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A Conversation with Eliza Faulkner

A-Conversation-with-Eliza-Faulkner

I’ve always been drawn to vintage fashion because I find that the fabrics and the construction of the garments are so much better. It seems like there used to be no such thing as “fast fashion” and that pieces were made to last. Sadly, today it feels like many contemporary designers and lines have shied away from this more traditional model of production. I get so excited to discover designers who are not only incredibly talented but are approaching the design and production of their lines with this attention to quality. One such designer that I’ve come to absolutely adore not only for her talent but her mindfulness, is Eliza Faulkner. With her eponymous line, she has developed a well deserved reputation for wonderfully constructed pieces in beautiful fabrics. Having studied at the prestigious Central Saint Martins and interned with Erdem, Roland Mouret, and Zandra Rhodes, she brings a serious refinement and skill to her work. Beautifully feminine, yet with a mix modernity, her pieces are an almost impossible mix of the classic and the contemporary. Bows tend to make an appearance from season to season in her collections, but with her keen eye, they never veer into the saccharine. She also plays with proportion beautifully, counterbalancing bold ruffled or bloused sleeves with sleek and elegant straight lines.  Another aspect of the line that I really love is that not only is it produced in Canada, it’s also proudly designed and manufactured in Montreal in an ethical manner. Having recently picked up a gorgeous black linen dress with the most exquisite and delightfully dramatic neck line, I count myself lucky to not only be a admirer of Eliza’s work, but a client as well.

My gushing aside, please enjoy this exclusive interview she granted me and happy shopping! Lucky for you, in anticipation of Spring/Summer 2019 being released soon, she’s currently offering up to 50% off of select styles.

What inspired you to start your line?

It was something I always wanted to do, and when I couldn’t find a design job here in Canada, I just decided to go for it.

Where do you find inspiration for your collections?

Usually I’m thinking about pieces that I want to wear or that my friends want to wear. I’m always looking at art, historical references, and (of course) Instagram so I reference from those sources too.

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Who is the Eliza Faulkner client?

She embraces a very feminine style and loves colour. She’s not afraid to be bold and to stand out a bit – but she also wants to feel comfortable and at ease in her clothes.

As a female entrepreneur and designer, your success is a wonderful inspiration and must have come with significant hard work. Is there a piece of advice you received before or when you started your line that you found particularly useful or helpful?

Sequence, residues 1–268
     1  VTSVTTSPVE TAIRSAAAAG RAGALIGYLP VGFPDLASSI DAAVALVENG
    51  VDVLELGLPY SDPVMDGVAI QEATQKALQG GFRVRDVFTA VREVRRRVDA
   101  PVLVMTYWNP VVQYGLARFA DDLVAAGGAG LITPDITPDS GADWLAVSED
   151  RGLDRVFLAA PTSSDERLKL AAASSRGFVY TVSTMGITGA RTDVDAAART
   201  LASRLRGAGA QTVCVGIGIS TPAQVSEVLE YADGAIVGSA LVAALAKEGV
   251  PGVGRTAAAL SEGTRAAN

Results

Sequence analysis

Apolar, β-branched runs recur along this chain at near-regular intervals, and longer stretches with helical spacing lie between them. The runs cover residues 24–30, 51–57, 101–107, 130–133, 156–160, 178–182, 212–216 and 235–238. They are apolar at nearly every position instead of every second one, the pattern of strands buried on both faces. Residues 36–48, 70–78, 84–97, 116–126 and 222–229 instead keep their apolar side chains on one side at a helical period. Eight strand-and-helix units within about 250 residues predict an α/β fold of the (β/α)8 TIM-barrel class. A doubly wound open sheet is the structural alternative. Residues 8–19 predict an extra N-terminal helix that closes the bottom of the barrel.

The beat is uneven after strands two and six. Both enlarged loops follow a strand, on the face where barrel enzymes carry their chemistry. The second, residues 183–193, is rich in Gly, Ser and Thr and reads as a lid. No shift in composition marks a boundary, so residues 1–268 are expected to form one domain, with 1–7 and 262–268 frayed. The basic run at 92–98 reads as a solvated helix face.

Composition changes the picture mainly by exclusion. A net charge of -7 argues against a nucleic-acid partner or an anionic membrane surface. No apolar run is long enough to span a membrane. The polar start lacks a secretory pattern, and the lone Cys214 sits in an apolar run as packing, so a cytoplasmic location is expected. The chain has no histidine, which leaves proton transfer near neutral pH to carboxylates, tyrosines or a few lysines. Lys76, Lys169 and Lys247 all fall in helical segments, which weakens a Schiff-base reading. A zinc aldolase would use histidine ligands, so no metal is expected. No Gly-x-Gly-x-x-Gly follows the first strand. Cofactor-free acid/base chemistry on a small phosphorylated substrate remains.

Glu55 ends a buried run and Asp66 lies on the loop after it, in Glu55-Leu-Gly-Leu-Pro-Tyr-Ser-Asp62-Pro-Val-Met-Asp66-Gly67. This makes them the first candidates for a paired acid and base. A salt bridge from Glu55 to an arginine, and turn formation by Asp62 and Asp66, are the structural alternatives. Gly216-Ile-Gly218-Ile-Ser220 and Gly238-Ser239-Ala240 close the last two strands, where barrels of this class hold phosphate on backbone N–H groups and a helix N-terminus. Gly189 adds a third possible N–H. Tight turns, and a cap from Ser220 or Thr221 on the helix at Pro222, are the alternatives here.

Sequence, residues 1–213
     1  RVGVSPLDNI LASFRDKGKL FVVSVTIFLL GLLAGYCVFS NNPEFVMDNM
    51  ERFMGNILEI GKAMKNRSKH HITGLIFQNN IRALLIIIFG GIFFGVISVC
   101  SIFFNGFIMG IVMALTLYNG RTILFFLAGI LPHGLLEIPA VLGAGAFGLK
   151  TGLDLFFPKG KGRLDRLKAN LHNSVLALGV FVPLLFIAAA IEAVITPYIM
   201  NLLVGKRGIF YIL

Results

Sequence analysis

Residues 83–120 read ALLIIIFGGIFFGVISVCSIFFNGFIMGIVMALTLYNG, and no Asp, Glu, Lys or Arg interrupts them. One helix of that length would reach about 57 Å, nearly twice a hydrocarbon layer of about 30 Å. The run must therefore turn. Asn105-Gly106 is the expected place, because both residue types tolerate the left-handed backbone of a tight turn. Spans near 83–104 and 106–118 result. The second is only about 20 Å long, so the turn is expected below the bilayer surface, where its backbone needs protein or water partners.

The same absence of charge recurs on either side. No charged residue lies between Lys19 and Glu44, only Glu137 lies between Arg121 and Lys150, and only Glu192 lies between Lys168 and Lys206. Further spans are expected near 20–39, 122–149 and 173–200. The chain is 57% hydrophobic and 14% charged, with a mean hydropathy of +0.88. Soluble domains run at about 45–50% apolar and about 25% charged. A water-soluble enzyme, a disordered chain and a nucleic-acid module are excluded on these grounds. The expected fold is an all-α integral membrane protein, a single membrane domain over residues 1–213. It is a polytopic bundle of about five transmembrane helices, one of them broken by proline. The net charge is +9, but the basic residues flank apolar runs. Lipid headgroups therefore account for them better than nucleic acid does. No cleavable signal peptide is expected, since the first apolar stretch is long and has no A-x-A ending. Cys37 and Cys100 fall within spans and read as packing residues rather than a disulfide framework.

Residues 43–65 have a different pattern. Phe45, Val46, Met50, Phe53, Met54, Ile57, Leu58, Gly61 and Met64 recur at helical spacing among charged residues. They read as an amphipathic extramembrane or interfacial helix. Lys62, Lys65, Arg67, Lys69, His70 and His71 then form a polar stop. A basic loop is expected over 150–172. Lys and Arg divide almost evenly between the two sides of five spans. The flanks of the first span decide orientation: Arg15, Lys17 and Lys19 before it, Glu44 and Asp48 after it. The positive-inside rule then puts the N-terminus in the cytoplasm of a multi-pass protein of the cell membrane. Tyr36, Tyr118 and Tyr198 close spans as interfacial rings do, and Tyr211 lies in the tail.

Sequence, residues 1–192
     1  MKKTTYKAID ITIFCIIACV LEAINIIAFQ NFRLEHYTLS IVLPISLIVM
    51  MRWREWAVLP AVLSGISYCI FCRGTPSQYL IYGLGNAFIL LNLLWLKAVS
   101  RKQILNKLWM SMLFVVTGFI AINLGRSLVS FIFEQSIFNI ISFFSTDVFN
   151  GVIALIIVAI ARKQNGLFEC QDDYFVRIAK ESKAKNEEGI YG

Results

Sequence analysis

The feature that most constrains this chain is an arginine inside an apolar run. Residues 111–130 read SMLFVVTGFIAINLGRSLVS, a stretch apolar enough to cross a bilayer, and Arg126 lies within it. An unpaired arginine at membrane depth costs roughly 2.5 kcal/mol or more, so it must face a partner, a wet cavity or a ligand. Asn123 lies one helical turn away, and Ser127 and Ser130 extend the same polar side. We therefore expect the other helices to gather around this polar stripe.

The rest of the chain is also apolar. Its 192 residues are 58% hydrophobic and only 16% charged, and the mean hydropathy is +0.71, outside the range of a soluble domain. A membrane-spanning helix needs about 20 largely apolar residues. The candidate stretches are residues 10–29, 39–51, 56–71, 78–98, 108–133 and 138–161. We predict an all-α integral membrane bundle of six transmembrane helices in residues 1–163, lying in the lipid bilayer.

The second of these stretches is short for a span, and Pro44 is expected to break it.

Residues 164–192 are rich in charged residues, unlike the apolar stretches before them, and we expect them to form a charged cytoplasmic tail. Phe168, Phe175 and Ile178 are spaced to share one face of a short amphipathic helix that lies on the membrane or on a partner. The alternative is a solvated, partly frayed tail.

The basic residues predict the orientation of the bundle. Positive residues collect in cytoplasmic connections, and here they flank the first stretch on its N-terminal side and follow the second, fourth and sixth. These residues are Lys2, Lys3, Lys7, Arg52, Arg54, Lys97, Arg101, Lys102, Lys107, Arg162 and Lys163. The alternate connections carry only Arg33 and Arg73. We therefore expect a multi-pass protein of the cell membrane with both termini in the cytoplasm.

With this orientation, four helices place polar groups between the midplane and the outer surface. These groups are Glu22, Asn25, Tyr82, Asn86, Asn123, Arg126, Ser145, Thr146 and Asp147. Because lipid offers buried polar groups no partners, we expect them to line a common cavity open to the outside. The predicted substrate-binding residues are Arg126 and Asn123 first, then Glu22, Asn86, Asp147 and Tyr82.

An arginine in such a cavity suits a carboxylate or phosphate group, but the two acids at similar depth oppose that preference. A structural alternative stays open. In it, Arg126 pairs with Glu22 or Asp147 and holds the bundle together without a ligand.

I read somewhere that 99% of advice is projection and I think about that a lot. Often the things I’m telling other friends or colleagues to do are the very things I need to do for myself or my own business. It’s important to notice what you’re preaching and apply that to your own life/business.

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What pieces from your line are an absolute must-have for Fall/Winter?

The Tallulah dress is one my favourites as it’s so easy to wear and layer. I also love the Pia skirt and Sophie sweat-suit combo. They’re made out of jogging fleece (which sweatpants are made from) but are much more sophisticated and you could actually wear the whole look to work or a party.

As a Canadian designer creating and producing here in Canada, do you find that there’s anything that sets the market apart or makes it different from elsewhere?

There isn’t a huge Canadian fashion ‘scene’ in Canada so the community is really small and tight-knit. I think Montreal in particular has a thriving design scene and we all share our struggles and achievements with each other – I think that’s what makes it unique and special.

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Beyond being beautiful, your pieces are made here in Montreal in an “ethical manner” and that was something that really caught my eye personally.  What does this mean and why do you think that it’s an important distinction to make?

All of our clothes (excluding fabric) are designed and manufactured in Montreal. It’s important for me to know who made the clothes I’m wearing and also it gives us a more control over the quality of the production.

What excites you about the fashion world right now?

I’m excited to see innovations in fabric and recycling in the fashion industry. Designers are getting more creative with how they reuse and recycle things and that is only going to grow. I really hope someone will figure out how to recycle fabrics. In the meantime I’m really into finding good dead-stock fabrics to work with and trying to figure out a more sustainable way of making clothes.

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Photography: Arin Gintwot

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